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Rich Lowry: Frederick Douglass, self-made man

BY RICH LOWRY Published: July 4, 2013

A slave only in firm

In a turning point, he fought back against a slave breaker who sought to beat him. “You have seen how a man was made a slave,” he writes of this act of self-assertion, “you shall see how a slave was made a man.” Eventually, his master hired him out in Baltimore and took the proceeds — but not quite all. He might let him keep 6 cents of the $6 he earned in a week. “I regarded it,” Douglass writes, “as a sort of admission of my right to the whole.”

By now, he was a slave only in form, not in fact, as he puts it. All that was left was to make his escape. In the North, he became a fierce abolitionist and an evangelist for work and self-improvement. In his most popular lecture, titled “Self-Made Men,” he declared, “We may explain success mainly by one word and that word is WORK! WORK!! WORK!!! WORK!!!! Not transient and fitful effort, but patient, enduring, honest, unremitting, and indefatigable work, into which the whole heart is put.”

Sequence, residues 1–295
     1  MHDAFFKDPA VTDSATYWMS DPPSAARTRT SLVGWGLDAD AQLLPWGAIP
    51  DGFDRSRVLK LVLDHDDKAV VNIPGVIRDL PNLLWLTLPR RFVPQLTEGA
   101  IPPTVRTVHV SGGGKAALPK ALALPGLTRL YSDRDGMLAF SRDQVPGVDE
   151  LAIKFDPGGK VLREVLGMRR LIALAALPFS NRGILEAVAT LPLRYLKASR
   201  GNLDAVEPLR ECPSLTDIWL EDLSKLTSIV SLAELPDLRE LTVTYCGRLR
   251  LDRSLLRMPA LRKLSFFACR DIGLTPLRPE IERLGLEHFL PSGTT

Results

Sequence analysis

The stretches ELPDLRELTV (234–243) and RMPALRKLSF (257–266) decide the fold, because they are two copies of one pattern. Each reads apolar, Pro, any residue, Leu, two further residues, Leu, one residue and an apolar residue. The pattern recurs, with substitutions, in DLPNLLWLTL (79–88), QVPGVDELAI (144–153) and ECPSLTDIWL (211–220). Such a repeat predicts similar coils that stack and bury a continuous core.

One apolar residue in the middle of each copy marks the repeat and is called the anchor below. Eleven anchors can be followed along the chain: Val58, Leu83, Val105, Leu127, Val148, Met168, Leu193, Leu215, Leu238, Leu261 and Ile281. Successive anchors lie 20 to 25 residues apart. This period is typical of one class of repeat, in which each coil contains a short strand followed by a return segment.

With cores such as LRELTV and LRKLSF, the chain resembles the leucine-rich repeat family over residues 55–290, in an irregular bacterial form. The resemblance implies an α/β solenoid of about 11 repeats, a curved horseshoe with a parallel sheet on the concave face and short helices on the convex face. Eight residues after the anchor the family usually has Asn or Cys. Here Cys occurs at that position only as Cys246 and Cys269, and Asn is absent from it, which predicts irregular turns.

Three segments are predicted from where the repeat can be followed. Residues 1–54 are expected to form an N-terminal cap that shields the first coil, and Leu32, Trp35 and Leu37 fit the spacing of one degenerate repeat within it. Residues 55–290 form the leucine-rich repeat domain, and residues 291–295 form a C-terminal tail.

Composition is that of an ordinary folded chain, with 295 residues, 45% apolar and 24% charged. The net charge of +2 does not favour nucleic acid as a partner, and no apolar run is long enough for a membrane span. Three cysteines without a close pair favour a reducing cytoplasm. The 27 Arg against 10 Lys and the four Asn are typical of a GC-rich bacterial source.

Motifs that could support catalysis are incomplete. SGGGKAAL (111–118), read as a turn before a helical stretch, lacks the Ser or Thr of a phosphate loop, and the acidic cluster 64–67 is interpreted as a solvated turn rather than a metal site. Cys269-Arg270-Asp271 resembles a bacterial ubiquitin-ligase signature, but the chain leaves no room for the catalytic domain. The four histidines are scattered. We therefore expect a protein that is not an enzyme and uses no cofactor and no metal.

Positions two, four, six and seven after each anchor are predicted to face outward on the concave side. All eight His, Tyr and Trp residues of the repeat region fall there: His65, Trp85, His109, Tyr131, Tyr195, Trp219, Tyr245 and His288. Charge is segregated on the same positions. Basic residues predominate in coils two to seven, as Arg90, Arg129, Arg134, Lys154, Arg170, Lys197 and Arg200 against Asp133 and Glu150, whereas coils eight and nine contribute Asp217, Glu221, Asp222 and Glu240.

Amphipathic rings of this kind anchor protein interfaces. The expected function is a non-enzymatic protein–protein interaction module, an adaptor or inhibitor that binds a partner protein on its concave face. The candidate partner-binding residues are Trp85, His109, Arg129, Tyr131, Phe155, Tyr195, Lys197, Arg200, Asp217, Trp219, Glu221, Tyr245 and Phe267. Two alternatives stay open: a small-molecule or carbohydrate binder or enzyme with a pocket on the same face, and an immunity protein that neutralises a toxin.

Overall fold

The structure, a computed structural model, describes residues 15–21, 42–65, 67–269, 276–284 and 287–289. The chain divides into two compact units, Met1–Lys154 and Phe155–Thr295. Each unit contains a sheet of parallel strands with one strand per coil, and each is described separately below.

In his legendary July Fourth oration, he said this holiday “is yours, not mine,” and lashed the country for the national sin of slavery. But he honored the country's founding, in words that will always be true. “The 4th of July is the first great fact in your nation's history — the very ringbolt in the chain of your yet undeveloped destiny,” he declared. “Cling to this day — cling to it, and to its principles, with the grasp of a storm-tossed mariner to a spar at midnight.”



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